Friday, July 30, 2010

Vermont Environmental News, July 30, 2010

Vt. company to install solar panels at Obama s kids school | Times Argus Online
A Vermont renewable energy company has been chosen to install 120 solar panels next month at a private Washington, D.C. school attended by President Obama’s two daughters.

White River Junction’s groSolar will break ground next month on a unique renewable energy project at the Sidwell Friends School, a private Quaker-run school in Bethesda, Maryland attended by about 1,100 students.

That institution’s elementary school is attended by Sasha and Malia, the daughters of President Barack Obama and First Lady Michelle Obama.
Ospreys fail to reproduce at Lake Arrowhead | The Burlington Free Press
The site of an osprey restoration effort has suffered a setback. Though a record number of ospreys built nests at Lake Arrowhead in Georgia and Milton this year, no chicks were born. Since 1998, the formerly endangered bird species had at least one chick born per year at the manmade lake, said Steve Costello, Central Vermont Public Service spokesman. “Prior to those last 12 years, it was decades since there had been any osprey,” Costello said. “The pesticide DDT got into the food chain, and the osprey population was wiped out because the chemical made their eggshells thin and brittle.”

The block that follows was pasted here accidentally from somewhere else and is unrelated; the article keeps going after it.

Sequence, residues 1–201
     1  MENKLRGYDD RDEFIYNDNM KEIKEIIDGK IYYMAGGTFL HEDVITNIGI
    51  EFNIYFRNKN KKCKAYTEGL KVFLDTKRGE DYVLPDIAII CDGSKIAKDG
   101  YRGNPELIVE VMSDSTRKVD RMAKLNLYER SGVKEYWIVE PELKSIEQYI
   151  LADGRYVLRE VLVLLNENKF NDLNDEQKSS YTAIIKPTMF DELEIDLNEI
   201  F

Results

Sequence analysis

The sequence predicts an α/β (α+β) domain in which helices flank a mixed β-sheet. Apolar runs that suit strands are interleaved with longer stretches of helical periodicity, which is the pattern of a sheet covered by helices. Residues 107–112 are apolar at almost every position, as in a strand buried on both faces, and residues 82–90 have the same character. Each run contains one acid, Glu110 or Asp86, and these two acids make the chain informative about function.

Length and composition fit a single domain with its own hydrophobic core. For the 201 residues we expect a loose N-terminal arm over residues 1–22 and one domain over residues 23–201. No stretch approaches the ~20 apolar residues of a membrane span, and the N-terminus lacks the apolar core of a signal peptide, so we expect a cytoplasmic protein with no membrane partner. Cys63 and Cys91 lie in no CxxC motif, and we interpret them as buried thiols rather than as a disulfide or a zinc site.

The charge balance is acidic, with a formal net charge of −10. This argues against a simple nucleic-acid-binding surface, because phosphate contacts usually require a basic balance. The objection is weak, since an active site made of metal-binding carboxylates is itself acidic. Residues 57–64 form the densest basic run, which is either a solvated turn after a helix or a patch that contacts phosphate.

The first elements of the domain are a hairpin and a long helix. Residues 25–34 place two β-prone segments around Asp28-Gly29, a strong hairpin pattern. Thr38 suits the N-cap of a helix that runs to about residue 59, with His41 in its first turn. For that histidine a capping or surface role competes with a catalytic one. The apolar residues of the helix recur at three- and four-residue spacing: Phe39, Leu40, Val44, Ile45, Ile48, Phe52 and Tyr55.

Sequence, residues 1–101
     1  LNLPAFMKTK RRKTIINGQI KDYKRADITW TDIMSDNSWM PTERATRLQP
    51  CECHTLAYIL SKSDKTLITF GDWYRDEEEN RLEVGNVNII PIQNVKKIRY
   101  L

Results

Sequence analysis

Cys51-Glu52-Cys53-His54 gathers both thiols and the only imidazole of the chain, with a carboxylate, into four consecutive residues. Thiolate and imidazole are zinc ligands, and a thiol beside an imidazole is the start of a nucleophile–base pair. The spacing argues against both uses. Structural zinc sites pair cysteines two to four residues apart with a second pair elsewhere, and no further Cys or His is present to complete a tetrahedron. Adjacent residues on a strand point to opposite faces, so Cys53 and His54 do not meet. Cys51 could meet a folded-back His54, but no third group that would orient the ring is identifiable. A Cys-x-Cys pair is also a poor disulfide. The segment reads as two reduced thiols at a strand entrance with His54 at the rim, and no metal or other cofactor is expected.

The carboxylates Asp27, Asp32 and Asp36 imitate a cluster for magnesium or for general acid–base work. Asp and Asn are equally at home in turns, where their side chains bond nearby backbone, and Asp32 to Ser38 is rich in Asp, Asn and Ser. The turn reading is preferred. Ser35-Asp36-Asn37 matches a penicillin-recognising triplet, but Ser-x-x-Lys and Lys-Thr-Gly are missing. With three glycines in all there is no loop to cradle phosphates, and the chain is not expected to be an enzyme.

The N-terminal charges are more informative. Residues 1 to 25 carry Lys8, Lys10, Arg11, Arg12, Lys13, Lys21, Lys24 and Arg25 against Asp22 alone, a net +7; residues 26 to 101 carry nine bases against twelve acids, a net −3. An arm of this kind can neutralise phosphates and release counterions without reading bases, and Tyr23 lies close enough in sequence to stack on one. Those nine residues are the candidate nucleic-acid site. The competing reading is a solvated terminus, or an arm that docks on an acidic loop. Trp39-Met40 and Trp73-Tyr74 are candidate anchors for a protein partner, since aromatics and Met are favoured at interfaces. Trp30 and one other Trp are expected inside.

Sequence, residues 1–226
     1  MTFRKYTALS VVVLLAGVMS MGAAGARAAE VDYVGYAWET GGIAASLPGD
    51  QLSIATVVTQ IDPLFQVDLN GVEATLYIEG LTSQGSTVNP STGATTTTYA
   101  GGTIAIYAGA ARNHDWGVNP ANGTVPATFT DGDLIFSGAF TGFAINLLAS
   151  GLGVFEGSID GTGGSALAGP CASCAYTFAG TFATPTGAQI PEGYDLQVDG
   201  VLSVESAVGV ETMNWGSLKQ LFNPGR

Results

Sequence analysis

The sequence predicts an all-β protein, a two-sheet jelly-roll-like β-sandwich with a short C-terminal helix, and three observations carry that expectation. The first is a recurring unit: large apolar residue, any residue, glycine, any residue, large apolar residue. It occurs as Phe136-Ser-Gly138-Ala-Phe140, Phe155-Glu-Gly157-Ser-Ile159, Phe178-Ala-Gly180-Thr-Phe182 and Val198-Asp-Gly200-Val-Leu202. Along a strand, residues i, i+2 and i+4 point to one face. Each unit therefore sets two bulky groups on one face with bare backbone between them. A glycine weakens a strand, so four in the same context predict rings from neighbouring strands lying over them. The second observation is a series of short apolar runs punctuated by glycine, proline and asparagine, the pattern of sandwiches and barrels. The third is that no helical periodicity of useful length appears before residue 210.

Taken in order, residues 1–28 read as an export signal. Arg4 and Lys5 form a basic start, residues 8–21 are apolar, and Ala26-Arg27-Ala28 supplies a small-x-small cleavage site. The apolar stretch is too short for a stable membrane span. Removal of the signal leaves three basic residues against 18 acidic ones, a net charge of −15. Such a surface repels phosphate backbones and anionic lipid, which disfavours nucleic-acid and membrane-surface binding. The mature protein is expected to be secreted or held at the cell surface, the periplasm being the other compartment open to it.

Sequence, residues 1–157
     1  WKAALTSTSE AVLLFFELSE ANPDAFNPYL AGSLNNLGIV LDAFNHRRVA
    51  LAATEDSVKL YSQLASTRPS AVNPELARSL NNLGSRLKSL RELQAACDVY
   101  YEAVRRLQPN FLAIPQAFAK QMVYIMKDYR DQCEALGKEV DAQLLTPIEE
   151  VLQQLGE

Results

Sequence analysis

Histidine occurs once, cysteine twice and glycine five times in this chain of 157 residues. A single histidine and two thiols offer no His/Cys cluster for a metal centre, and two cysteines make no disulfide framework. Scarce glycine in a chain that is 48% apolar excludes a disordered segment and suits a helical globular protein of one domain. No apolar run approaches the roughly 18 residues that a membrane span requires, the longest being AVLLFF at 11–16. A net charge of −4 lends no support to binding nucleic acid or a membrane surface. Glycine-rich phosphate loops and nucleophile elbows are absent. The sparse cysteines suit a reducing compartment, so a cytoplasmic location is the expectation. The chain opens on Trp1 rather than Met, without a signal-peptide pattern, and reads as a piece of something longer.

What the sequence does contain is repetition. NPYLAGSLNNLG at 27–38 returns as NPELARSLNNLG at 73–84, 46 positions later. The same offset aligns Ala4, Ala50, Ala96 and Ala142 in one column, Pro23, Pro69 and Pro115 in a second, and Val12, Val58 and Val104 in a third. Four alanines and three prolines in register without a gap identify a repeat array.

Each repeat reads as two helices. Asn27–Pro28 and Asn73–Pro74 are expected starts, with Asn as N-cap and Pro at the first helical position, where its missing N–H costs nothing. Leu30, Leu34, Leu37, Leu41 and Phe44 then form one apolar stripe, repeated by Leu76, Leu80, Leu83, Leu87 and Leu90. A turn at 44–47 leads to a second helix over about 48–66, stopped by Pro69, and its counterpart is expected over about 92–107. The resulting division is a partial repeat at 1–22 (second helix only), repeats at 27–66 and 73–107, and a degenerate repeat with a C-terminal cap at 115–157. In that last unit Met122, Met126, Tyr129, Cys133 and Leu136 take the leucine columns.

Plan to kill Canada geese in N.Y. ruffles feathers | WCAX.COM
For years Canada Geese have been a nuisance in the North County, especially around Lake Flower in Saranac Lake.

"It's more about trying to sidestep what they leave behind. That's most of the problem," said George Cordis of Tupper Lake.

A new orange ribbon seems to be keeping the birds in the water and off the land, but now much more drastic measures are in place to reduce the state's Canada geese population.

"The geese are definitely a threat, an unseen threat," said Chauncey Webb, a corporate pilot.

There are plans to kill three-quarters of New York's estimated 250,000 Canada geese by caging and poisoning the birds. The idea came from a near tragedy. In January 2009 a flock of geese got sucked into the engines of a U.S. Airways jet, forcing an emergency landing in the Hudson River, now called the miracle on the Hudson.